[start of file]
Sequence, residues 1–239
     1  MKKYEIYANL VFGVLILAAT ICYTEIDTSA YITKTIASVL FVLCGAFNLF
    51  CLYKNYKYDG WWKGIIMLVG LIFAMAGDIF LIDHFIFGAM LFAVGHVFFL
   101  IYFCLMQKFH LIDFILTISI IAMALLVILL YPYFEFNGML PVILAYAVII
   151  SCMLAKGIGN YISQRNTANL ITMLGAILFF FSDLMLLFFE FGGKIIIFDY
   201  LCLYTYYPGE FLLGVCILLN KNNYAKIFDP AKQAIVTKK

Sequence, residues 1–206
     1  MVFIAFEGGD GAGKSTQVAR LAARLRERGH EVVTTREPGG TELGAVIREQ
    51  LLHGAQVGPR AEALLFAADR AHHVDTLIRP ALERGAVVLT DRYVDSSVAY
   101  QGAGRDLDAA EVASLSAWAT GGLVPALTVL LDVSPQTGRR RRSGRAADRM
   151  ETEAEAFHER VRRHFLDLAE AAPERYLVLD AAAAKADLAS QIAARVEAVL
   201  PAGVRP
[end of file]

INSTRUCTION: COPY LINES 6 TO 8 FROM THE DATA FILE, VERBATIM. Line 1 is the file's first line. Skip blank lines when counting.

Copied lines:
   201  LCLYTYYPGE FLLGVCILLN KNNYAKIFDP AKQAIVTKK

Sequence, residues 1–206
     1  MVFIAFEGGD GAGKSTQVAR LAARLRERGH EVVTTREPGG TELGAVIREQ